So why are rabbits so ingrained in the traditions of Easter Sunday? And what do they have to do with the resurrection of Jesus?
Actually, nothing. Bunnies, eggs, and fluffy yellow chicks all stem from pagan roots. They were incorporated into the celebration of Easter separately from the Christian tradition of honoring the day Jesus Christ rose from the dead.
Rabbits are used as symbols of fertility, sexuality and Spring.
Rabbit as symbols of Fertility, Virginity and Sexuality
Rabbits and hares have been associated with Mary, mother of Jesus, for centuries. Their association with virgin birth comes from the fact that hares – often confused mistakenly with rabbits – are able to produce a second litter of offspring while still pregnant with the first.
Rabbits as symbols of Spring and Fertility
Some folklorists have suggested that the Easter Bunny derives from an ancient Anglo-Saxon myth, concerning the fertility goddess Ostara. The Encyclopedia Mythica explains that:
''Ostara is the personification of the rising sun. In that capacity she is associated with the spring and is considered a fertility goddess. She is the friend of all children and to amuse them she changed her pet bird into a rabbit. This rabbit brought forth brightly coloured eggs, which the Greek goddess gave to children as gifts. From her name and rites the festival of Easter is derived.''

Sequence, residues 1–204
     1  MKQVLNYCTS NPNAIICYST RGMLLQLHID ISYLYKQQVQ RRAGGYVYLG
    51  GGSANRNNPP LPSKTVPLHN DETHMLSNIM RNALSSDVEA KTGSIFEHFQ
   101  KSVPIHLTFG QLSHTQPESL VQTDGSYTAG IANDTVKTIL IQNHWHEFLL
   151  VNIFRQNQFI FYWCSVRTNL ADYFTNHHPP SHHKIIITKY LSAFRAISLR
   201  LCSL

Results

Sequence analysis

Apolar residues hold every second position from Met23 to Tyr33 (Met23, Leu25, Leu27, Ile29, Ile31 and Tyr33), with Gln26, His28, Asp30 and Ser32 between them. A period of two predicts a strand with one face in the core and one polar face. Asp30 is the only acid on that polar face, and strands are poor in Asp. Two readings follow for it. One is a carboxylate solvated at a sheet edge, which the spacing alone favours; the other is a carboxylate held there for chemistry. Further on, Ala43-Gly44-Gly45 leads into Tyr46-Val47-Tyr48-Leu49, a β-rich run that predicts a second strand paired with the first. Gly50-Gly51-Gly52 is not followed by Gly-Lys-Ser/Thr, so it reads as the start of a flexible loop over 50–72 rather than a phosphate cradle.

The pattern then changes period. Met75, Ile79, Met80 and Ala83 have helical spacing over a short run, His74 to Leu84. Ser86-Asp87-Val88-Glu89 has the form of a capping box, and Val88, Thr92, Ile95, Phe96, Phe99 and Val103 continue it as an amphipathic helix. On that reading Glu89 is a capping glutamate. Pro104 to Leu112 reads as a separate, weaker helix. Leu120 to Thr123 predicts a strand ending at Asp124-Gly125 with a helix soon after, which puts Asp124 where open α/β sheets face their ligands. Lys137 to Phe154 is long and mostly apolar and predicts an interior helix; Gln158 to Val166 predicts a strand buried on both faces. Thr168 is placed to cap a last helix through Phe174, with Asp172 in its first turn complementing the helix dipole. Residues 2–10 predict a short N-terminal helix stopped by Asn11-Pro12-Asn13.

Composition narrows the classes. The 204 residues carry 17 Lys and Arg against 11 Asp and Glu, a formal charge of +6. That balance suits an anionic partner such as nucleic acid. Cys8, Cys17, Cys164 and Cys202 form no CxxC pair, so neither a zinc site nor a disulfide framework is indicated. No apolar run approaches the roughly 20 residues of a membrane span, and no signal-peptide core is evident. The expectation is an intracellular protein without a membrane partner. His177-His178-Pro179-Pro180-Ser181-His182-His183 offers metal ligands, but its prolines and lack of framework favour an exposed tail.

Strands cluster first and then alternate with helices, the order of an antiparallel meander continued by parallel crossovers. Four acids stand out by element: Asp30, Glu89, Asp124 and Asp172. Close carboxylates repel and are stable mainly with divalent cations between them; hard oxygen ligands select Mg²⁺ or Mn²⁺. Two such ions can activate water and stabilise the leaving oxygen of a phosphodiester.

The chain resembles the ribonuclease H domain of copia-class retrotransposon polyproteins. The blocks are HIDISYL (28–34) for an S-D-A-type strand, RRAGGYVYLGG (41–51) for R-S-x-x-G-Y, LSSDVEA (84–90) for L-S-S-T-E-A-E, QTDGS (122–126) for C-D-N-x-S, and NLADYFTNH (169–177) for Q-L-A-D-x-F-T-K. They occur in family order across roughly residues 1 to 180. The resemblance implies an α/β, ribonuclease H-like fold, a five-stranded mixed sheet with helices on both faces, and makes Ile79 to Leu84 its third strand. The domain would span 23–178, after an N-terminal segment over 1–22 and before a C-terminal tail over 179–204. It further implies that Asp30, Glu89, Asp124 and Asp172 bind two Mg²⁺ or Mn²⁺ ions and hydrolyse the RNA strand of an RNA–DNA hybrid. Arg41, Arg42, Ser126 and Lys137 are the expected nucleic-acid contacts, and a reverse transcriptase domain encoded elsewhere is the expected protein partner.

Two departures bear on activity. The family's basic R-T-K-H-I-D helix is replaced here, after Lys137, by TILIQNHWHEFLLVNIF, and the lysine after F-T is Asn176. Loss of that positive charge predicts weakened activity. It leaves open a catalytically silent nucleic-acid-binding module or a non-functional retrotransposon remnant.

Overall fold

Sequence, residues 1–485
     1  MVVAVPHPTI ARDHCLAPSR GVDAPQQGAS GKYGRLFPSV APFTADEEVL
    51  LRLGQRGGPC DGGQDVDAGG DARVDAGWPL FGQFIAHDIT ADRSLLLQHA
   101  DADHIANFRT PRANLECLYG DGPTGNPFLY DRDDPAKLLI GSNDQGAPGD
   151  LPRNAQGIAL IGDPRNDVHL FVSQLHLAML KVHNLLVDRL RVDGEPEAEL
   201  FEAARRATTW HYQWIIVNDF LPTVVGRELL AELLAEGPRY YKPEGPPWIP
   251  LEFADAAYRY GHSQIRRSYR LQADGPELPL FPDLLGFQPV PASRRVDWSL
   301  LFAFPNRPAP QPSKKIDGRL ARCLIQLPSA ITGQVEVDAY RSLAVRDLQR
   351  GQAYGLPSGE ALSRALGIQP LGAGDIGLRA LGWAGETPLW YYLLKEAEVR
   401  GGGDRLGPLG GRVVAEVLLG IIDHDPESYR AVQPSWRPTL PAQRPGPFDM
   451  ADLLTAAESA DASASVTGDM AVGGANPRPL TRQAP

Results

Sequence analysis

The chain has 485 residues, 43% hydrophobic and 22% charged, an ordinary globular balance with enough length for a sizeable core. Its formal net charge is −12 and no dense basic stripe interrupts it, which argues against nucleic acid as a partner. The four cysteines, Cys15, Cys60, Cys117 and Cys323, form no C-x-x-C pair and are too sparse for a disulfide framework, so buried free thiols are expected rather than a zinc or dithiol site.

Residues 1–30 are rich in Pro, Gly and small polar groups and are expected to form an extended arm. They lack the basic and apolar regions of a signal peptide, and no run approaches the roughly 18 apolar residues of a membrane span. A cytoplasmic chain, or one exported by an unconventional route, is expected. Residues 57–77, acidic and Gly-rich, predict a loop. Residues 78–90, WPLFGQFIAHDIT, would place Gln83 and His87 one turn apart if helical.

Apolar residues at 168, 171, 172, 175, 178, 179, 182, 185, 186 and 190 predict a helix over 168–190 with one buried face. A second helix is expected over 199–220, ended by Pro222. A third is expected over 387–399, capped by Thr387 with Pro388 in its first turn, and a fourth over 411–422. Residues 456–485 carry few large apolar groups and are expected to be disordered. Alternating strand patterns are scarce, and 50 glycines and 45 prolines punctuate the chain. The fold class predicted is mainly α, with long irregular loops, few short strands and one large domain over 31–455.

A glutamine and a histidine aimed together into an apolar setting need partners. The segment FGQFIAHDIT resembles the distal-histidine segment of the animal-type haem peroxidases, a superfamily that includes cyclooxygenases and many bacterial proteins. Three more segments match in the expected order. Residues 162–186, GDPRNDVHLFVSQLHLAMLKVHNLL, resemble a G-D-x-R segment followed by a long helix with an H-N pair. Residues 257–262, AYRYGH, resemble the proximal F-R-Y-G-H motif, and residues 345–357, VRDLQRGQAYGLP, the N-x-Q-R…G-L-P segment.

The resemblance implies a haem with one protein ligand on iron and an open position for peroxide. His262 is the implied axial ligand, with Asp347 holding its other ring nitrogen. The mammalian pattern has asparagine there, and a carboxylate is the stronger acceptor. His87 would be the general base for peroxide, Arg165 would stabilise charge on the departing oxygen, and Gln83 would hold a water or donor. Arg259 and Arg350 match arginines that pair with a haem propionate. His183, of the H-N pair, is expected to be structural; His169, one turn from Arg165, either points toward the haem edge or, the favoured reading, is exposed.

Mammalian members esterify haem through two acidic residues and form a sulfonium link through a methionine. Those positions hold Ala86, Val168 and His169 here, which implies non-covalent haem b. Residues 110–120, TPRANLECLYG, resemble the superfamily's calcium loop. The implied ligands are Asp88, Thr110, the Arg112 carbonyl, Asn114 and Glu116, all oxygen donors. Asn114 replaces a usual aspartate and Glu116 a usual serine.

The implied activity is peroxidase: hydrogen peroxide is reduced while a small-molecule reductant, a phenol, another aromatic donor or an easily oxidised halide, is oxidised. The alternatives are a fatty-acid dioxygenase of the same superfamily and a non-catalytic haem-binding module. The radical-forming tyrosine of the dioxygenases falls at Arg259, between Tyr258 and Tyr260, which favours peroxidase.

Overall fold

The myth of Ostara, then, has become a popular (but unproven) theory for the derivation of the Easter Bunny. Later when Roman Catholicism became the dominant religion in Germany in the 15th century myths of painted eggs and rabbits may have merged with already ingrained pagan beliefs.
In the 18th century, German immigrants took the custom of the Easter Bunny with them to the United States when they settled in Pennsylvania Dutch country, according to the University of Florida's Center for Children.
Over the decades the folklore has grown, spread and innovated into a bunny laying eggs tradition over Easter.
In conclusion, to me at least, it is not very clear how rabbits became part of the Easter tradition; maybe through an association to the fertility of Mary, the mother of Jesus, maybe through the pagan tradition of revering the goddess of Ostara, but, it is important to remember that in these legends rabbits are depicted as symbols. Symbols of fertility, virginity and Spring. A symbol is very different to a living and breathing animal.
Caring for a rabbit is a responsibility that needs to be taken seriously. Rabbits eat requiring fresh greens and hay. Rabbits are very cute, but, they poop. Rabbits are territorial and can bite. Rabbits chew cables. And most of all rabbits may need to go to the doctor occasionally.
On the other hand Rabbits make wonderful pets. Buy responsibly.